9. Seek mental peace. When Carol Parker, of Kitchener, Ont., was struggling with a stressful job, she learned to how to meditate. "I soak in a hot bath, because it's the quietest room in the house, and the water helps you feel relaxed and weightless," she says. "I say 'drum a dum dum, rum a dum dum' a few times, then take in a deep breath, and then breathe out through my mouth. As I exhale, I picture my negative thoughts leaving my body with my breath."
Find it tough to calm your thoughts while you're sitting still? Going for a brisk walk and mentally repeating a phrase with a four-part beat, such as "I can do this," helps too, says Carolyn Scott Kortge, author of The Spirited Walker: Fitness Walking for Clarity, Balance and Spiritual Connection (HarperCollins, 1998). 10 | Look for laughter. Humour makes it easier to be hopeful. Study participants who watched a 15- minute comedy video had significantly higher scores for hopefulness than those who did not view the video. That study says humour may inhibit negative thoughts, allowing positive thoughts to become dominant; in turn, those positive emotions stimulate our thoughts and actions, helping us pursue more creative ways to solve our problems.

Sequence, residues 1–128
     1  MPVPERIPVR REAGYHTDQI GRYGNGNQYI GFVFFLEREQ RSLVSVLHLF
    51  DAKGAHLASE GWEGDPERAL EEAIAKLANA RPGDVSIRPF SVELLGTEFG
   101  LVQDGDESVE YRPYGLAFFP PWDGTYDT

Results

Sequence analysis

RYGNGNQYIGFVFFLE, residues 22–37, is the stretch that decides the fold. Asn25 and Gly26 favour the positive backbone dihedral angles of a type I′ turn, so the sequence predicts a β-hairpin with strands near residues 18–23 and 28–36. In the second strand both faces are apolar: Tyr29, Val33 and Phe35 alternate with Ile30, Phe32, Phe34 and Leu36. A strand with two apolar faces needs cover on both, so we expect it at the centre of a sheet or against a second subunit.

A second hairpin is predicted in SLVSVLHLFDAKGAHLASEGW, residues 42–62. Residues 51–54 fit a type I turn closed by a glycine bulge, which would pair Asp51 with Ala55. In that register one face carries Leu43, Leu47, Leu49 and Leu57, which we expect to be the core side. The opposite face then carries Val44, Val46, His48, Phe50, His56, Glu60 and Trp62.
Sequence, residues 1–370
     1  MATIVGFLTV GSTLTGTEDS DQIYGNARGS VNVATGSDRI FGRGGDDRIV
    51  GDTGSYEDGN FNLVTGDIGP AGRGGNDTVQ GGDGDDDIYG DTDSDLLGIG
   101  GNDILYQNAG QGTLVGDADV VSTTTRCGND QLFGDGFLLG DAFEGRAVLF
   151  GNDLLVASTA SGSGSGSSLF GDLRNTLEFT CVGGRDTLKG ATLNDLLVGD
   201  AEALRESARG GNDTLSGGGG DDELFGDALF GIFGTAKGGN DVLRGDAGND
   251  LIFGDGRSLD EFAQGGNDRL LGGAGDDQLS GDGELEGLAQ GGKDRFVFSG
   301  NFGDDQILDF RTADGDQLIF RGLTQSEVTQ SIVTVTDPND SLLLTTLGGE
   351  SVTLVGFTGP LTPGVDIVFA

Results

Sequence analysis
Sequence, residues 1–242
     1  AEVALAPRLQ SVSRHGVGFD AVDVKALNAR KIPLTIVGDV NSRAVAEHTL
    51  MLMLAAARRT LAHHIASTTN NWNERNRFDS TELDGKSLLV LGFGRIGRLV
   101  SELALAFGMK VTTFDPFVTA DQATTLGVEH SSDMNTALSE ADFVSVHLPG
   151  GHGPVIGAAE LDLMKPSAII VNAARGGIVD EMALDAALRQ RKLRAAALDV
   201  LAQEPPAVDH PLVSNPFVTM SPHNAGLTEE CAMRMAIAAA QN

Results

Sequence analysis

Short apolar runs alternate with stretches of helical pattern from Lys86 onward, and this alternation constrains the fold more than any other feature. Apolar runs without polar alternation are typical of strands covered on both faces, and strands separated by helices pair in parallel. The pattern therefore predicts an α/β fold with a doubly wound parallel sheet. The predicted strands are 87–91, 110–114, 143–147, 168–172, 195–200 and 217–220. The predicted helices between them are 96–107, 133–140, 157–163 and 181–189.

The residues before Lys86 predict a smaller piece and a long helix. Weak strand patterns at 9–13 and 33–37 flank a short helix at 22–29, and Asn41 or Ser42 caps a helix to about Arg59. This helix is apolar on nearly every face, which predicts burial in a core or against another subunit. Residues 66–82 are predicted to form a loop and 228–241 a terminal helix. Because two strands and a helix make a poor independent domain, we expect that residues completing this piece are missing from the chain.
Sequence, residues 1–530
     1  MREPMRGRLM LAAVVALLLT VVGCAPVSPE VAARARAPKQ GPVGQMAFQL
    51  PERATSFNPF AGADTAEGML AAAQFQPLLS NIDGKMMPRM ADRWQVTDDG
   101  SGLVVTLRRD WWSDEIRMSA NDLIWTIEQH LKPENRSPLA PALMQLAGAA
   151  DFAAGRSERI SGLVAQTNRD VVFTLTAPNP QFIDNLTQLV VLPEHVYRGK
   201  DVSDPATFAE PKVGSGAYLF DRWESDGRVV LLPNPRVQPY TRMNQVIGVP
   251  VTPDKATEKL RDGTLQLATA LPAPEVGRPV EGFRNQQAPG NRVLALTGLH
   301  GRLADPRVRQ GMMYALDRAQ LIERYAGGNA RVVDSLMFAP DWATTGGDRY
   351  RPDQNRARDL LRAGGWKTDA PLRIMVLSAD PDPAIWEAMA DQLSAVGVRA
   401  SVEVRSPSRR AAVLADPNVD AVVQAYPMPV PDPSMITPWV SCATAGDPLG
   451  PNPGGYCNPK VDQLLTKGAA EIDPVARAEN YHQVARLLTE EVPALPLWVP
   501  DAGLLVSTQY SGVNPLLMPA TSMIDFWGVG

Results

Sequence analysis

When it comes to your health, there is a potential downside to thinking that things will turn out just fine. A number of studies have shown that "unrealistic optimism" (or good, old-fashioned denial) can be used to justify unhealthy choices. For example, a recent study found that smokers thought lung cancer was only a risk to people who smoked more cigarettes a day than they did, or for those who'd smoked longer. A 2008 study of hepatitis C patients revealed that people who were overly optimistic about their ability to cope were unprepared for the reality of the treatment's side-effects, and were then more likely to delay seeking help. Bottom line: Thinking positively doesn't mean you get to bury your head in the sand.
Want to find out just how positive you are?
Take a positivity self-test online at www.positivityratio.com. The test was developed by psychologist and author Barbara L. Frederickson. You can take it regularly and track whether your sense of optimism is rising or on the wane.
Page 4 of 4 -- Dicover the ways your health can benefit from optimism on page 1.